It takes quite a bit of doing for the public punishment of a revered figure for unethical conduct to make an institution appear more unethical itself, but the U.S. House of Representatives was up to the challenge yesterday.

As expected, Rep. Charlie Rangel, former ly the powerful Chair of the House Ways and Means Committee, received a censure by majority vote, the harshest punishment a Member can receive short of expulsion. Rangel had been found guilty of five major ethical violations, or as they should properly be called, five instances of ongoing egregious unethical conduct. Charley and friends like to say “ethical violations” because that can be spun into mere carelessness, like not putting enough money on the meter. From the beginning, Rangel’s line has been that he made “mistakes,” suggesting they were either accidental or that he didn’t realize they were unethical. Think about that as you review the five: Continue reading

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Filed under Citizenship, Government & Politics, Law & Law Enforcement, Leadership, U.S. Society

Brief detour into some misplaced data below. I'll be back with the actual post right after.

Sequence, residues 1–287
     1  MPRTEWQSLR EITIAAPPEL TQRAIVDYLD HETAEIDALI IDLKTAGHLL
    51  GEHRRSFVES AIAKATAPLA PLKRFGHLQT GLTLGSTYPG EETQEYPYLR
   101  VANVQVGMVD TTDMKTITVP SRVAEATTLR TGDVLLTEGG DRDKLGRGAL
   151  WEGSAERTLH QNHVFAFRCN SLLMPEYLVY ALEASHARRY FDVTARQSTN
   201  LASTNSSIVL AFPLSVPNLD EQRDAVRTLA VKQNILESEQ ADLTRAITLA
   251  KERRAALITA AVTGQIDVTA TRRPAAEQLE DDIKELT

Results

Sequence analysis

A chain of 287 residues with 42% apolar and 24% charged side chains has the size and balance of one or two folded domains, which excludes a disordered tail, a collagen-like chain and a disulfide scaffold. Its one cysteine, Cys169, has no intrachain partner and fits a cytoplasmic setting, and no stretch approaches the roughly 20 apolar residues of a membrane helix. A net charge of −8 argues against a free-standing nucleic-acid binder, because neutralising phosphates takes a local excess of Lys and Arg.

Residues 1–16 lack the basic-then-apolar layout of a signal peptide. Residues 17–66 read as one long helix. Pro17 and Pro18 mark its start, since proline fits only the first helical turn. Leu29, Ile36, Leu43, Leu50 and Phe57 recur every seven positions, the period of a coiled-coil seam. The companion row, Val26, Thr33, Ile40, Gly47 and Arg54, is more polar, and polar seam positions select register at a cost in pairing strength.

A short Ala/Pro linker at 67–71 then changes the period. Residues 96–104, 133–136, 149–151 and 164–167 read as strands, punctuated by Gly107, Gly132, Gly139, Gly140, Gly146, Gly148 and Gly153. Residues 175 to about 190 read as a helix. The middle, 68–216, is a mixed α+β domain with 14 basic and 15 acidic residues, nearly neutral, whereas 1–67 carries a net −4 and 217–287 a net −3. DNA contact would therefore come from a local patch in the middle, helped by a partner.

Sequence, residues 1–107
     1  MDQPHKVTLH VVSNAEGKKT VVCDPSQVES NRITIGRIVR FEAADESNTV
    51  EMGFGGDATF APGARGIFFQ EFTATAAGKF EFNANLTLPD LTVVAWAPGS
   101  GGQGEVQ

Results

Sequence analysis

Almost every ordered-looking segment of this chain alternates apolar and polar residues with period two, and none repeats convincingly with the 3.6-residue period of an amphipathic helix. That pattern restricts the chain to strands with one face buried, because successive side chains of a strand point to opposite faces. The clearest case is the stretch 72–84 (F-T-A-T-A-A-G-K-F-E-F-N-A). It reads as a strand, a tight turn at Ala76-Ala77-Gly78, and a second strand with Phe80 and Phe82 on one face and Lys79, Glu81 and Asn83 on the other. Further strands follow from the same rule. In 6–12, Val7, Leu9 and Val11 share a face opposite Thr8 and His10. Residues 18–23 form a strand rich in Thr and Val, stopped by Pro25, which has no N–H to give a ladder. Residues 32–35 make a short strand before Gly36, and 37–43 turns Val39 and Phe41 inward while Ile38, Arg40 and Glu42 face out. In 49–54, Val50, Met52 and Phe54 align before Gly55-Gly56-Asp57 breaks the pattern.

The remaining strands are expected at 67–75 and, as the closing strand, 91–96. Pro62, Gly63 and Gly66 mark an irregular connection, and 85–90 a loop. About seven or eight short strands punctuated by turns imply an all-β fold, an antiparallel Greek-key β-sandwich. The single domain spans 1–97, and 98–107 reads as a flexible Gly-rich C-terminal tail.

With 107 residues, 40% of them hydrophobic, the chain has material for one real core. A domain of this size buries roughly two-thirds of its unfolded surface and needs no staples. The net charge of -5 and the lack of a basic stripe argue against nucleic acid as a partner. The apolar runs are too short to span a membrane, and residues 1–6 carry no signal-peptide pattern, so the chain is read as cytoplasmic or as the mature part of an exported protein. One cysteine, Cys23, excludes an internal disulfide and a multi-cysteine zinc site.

Rangel’s Mercy Plea Theory: The Ethics Savings Account

As I write this, Rep. Charles Rangel is asking his colleagues for mercy, as they decide what his punishment should be for eleven counts of ethics misdeeds including abuse of his office and tax evasion. He has made the unconvincing argument that it all adds up to sloppiness, not corruption, though the sheer weight and breadth of the charges against him indicate otherwise. Rangel’s main defense, as he tried to stave off censure, was the testimony of Rep. John Lewis, a civil rights icon and compatriot of Martin Luther King, soon to receive a Presidential Medal of Freedom.  Lewis described Rangel as a “good and decent man, an honest man,” a Korean War vet who came to Selma, Ala. and marched alongside King and Lewis in the cause of civil rights, which Rangel, Lewis said, fought for his entire career.

Lewis’s character endorsement is completely irrelevant to Rangel’s current corruption issues. I don’t think it should be allowed.  Continue reading

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Filed under Government & Politics, Leadership, Professions